King about rope access course and kit and I start seeing £ signs. Needless to say this wasn’t sounding positive and I needed to do some extensive research c/o YouTube.
    So in August, while Anne was away with the girls on a spar/camping week, I sneaked over to Germany to see Steve with Choxi as my faithful companion.
    Now Steve is up for a challenge as well and had lined up with some fellow climbers, some really experienced climbs as well to attempt GC8586. The day arrives and off we go, a boot load of kit and Choxi in the back giving moral support
    Well, when we arrived at the location, started to get the kit out of the car and move onto the GZ. This was the point when we looked at the others for advice as to where to start and there was a blank looks. Ok, so the experienced climbers take a step back and Steve and I look at each other, game on mode duly activated.
    The first part was to get a rope under the bridge and in theory it should just have been just a case of tie a string to a plastic bottle, drop it down one side of the bridge and pick it up on the other side with another length of throw line with a large hook on it. But the water level was very very low.
    On the plus side, I saw something and looked at Steve and it was a case of ‘have you seen what I’ve just seen?’ and yep, great minds think alike. We spotted a person in a canoe, so we shout at them and ask as them to help. It worked, so string down one side and up the other. A rope was tied on and we then had the rope fixed in place.
    Step 2, attach the abseil rope and kit up, at this point we looked round for volunteers and it was just amazing as to how many took one pace backwards. So it looks like I was the person to do it. Gulp but we’re here so let’s just get on with it.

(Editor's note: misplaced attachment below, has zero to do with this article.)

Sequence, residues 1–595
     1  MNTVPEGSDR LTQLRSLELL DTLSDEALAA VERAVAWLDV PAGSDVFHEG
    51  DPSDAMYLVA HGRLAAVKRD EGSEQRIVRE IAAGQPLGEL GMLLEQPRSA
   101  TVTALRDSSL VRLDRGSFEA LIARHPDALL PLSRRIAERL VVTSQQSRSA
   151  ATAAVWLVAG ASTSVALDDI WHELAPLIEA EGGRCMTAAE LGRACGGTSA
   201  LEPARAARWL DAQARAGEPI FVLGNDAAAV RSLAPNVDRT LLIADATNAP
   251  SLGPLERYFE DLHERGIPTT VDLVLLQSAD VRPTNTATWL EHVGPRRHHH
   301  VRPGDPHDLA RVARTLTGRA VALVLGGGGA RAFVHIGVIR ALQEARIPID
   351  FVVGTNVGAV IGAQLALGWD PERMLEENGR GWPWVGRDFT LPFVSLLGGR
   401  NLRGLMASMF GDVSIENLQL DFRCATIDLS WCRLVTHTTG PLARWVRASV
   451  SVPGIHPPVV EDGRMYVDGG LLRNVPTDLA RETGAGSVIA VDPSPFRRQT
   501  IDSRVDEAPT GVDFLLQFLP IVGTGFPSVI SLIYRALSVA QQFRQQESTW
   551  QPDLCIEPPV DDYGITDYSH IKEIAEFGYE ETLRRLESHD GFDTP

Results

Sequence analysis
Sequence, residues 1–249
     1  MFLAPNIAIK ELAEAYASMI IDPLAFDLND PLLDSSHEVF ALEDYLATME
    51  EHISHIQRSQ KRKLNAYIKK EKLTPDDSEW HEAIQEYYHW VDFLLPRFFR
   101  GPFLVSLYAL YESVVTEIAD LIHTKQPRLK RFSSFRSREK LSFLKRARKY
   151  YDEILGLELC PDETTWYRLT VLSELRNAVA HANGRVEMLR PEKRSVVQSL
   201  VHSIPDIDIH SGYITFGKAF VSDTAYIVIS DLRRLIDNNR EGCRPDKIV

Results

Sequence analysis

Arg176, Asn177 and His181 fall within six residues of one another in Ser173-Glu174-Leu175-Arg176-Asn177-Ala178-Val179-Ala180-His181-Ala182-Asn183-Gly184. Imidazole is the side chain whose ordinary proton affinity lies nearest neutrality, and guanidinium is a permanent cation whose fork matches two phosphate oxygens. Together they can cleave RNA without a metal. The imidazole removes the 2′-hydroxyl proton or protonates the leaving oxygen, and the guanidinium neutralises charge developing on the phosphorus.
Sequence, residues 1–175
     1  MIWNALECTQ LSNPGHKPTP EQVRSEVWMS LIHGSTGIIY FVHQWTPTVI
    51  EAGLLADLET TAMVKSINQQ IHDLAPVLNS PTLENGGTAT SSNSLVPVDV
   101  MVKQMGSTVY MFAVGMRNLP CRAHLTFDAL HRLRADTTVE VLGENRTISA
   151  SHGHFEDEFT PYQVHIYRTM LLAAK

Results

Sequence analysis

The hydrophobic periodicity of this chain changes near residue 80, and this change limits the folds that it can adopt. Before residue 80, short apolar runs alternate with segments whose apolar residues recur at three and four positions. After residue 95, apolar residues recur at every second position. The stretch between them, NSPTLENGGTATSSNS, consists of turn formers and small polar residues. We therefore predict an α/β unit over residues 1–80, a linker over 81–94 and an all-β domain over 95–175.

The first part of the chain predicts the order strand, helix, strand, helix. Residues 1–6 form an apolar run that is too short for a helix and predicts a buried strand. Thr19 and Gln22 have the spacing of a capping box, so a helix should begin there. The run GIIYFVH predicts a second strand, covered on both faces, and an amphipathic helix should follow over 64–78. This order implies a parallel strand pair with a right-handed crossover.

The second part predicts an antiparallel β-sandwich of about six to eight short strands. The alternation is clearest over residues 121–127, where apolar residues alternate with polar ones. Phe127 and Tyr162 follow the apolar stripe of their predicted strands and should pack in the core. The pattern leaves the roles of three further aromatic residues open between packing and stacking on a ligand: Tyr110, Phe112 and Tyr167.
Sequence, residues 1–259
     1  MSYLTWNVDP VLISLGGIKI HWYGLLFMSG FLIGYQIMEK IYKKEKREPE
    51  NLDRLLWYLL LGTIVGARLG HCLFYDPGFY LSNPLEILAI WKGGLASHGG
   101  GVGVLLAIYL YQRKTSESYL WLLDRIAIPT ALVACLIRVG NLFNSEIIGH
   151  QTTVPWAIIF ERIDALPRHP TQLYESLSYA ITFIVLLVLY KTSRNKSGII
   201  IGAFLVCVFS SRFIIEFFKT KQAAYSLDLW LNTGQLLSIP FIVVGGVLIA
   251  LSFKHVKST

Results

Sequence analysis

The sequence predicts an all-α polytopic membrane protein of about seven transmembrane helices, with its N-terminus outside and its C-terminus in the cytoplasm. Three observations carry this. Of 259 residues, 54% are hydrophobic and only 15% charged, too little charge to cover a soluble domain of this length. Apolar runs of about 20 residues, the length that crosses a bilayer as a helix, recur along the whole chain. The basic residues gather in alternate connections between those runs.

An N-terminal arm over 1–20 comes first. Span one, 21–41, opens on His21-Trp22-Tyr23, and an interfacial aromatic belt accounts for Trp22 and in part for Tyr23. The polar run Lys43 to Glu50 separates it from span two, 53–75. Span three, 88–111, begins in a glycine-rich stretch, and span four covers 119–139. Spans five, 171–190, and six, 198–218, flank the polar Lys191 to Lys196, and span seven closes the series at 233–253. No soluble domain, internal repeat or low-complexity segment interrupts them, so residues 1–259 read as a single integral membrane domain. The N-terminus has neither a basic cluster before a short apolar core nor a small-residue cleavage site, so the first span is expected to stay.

At this point while Choxi was looking after my niece and nephew I start the abseil and swing down so I’m vertical. I attach the harness to the rope going under the bridge and so as I abseil down further I start moving under the bridge. Then it was a case of using stem hand ascenders to pull myself further under the bridge to finally get to the cache location. Yeah, result. So attached the extra rope that was attached to my belt to the cache and it was then pulled up and duly signed, result. Cache then passed back and replaced.
    Well, this is the point where I should have been able to just swing back to the vertical and climb back up. But, the ascender got stuck and I was tired so wasn’t able to release the ascender.
    Luckily Steve had a way to resolve the problem and it worked successfully. He said he was going to cut the rope… and he did!
    Luckily it was the rope that went under the bridge, so when he did that I swung back to vertical and was able to climb back up to the top.
    I didn’t realise until later that we had a few muggles watching us, about 20-30 apparently although I was in the zone so I hadn’t seen them, luckily.
    Oh, since the pictures were take on the GC page, extra side railings had been installed, I’m assuming to put off geocachers from doing what we were going to attempt. Very thoughtful of them, not.
    So the conclusion we gained from this experience is (1) take enough kit with you for all eventualities, (2) trust family, (3) don’t rely on so called experts and (4) do plenty of research c/o YouTube. Or, in other words, Adapt, Adopt, Evolve